So the question becomes, how do we provide quality professional development for teachers? It is a process. As your district grows and changes in the 1:1 environment, so will your professional development (PD) sessions. As part of the Instructional Coach team I am also a member of the professional development team in our district. I have helped provide after school and summer PD for the last four years. Our PD has evolved just as our teaching and learning has evolved since we went 1:1.
Solid professional development is paramount in a 1:1 district. Our PD on institute days used to be sit and get. Those days were targeted to classroom teachers. If you weren't a classroom teacher it was very painful. Then we started doing breakout sessions similar to a conference. Staff members could pick sessions that were relevant to their skill level, or what they were teaching. We had very few outside speakers. Teacher leaders were paid to prep and present. All types of teachers stepped up to provide PD to their peers. Now we have moved to a true ed camp model. We are all experts at something and we can all learn from each other. We will still have to have some whole group sessions at our institute days since there are some things that are not negotiable like disaster drill prep, summative assessment in-service, and other whole district initiatives.
I really wanted to talk about how I do my after school sessions now (sometimes I do them at outside conferences and institute days too). The sessions are 90 minutes long. Teachers get continuing education units for attending. When I am prepping I keep in mind the fact that teachers say the biggest thing they lack is time. I make my presentation a resource that they can refer back to at a later date. The following slides are examples from a session called - Integrating Technology into the Reading and Writing Workshop. These slides deal with using Evernote to conference with students. In this instance the app is used for teacher productivity. First, I discuss how the app will improve teaching and learning. If there are members of the audience who have used it I ask them to share their story as well. Again, we can always learn from each other. They may have some insight that I had never considered. This one way to bring in and engage your audience right from the start. I think it is very important to do that at any PD session.
Next we look at features of the app or what makes the app unique. In this instance I explain the difference between a note and a notebook, attachments, sharing, syncing across devices, etc. Also at the bottom of this slide you see the word augmentation. I try to tie in the SAMR ladder for all my presentations. In this example the app is a direct tool substitute with functional improvement. I don't like those wheels that show different apps for different levels of the SAMR ladder. It is not the app that determines the level. It is the objective of the lesson, and what skill(s) you are assessing that determine where the app is on the ladder.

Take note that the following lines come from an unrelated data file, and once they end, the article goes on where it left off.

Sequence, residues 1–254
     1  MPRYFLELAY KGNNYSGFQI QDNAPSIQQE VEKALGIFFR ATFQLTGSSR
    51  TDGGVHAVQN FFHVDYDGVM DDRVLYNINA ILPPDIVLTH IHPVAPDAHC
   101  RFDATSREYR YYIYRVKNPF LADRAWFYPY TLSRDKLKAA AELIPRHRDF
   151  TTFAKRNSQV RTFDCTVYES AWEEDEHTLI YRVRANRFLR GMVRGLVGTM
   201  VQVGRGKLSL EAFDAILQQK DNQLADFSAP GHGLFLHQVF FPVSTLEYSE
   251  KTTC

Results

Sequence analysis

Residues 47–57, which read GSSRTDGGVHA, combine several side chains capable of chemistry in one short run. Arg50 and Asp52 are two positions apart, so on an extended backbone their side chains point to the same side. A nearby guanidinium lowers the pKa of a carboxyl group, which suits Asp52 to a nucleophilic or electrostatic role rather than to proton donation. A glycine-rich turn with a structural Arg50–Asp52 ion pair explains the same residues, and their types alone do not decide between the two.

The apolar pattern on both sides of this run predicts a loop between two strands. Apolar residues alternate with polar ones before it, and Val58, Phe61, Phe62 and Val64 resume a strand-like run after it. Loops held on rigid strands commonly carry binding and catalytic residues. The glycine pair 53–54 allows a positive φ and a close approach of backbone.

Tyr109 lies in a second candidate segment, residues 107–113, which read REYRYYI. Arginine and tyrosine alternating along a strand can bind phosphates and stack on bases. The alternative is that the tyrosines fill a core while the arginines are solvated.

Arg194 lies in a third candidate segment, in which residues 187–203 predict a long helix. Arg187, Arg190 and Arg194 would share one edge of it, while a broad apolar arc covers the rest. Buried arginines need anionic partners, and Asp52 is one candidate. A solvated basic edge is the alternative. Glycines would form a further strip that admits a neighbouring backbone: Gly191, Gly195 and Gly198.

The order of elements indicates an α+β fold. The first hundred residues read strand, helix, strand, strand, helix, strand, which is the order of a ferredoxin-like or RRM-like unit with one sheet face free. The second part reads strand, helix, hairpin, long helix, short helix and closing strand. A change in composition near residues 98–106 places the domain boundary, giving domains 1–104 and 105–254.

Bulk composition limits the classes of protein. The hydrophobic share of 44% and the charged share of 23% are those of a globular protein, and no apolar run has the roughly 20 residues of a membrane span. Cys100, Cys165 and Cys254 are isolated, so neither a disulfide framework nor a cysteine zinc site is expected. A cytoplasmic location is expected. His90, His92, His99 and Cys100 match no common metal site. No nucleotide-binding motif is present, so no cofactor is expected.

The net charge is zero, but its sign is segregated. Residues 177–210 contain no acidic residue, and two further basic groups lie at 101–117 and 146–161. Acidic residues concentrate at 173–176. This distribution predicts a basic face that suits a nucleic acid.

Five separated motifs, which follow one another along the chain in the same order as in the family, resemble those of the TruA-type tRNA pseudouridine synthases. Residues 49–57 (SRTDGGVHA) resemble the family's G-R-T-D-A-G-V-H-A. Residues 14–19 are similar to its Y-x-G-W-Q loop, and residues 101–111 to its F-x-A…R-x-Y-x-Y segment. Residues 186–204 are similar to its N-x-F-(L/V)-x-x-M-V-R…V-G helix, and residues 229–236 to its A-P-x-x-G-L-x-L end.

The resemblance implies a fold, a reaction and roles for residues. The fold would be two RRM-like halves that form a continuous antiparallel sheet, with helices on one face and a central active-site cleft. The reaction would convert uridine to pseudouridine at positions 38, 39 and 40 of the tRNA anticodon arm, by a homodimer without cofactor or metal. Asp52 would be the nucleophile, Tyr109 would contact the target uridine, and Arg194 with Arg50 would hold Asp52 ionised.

I also give the attendees a challenge. This gives them a chance to have "sandbox" time with the app. This is what I was talking about previously that students do. They always afford themselves some "sandbox" time to see what the app can do. I find that the challenges give the teachers a structure to work with instead of saying, "Just try the app". It is exploration with a purpose. The logo of the app in this slide is linked to the official You Tube channel for Evernote. If there is not an official channel then I will search for a quality video for the app. This way teachers can refer back to this tutorial later. Under the logo is the link to the apps Twitter handle (if they have one). I have been able to tweet at app designers, and get answers to my questions in minutes or hours. Generally app designers are eager to hear from their users, especially teachers.
I do my presentation one of two ways depending on the topic, audience, and amount of time that I have for the presentation. The first is to introduce the first app and then give the challenge, introduce the second app and do the challenge and so on. The other way that I do it is to introduce all the apps and then allow for one large chunk of work time at the end. I allow for work time in all the training sessions that I present. It is better for teachers to work while all the information is fresh in their minds. I then act as facilitator, and walk around the room answering questions while they are working on the challenges.
I do all my presentation slides in Google Slides, publish them, and then make a bitly link that I share with all attendees. This way attendees can go back to the presentation at a later date to get the information they need.
I have gotten good feedback using this method in my PD sessions. How do you do PD? I would love to hear how you give or get PD that meets your needs.